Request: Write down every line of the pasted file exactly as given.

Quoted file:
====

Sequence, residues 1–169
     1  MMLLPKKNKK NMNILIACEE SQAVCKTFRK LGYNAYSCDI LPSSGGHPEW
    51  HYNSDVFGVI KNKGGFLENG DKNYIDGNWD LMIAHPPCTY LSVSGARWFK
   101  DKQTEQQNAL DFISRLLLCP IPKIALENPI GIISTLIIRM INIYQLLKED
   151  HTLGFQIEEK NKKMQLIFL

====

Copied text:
Sequence, residues 1–169
     1  MMLLPKKNKK NMNILIACEE SQAVCKTFRK LGYNAYSCDI LPSSGGHPEW
    51  HYNSDVFGVI KNKGGFLENG DKNYIDGNWD LMIAHPPCTY LSVSGARWFK
   101  DKQTEQQNAL DFISRLLLCP IPKIALENPI GIISTLIIRM INIYQLLKED
   151  HTLGFQIEEK NKKMQLIFL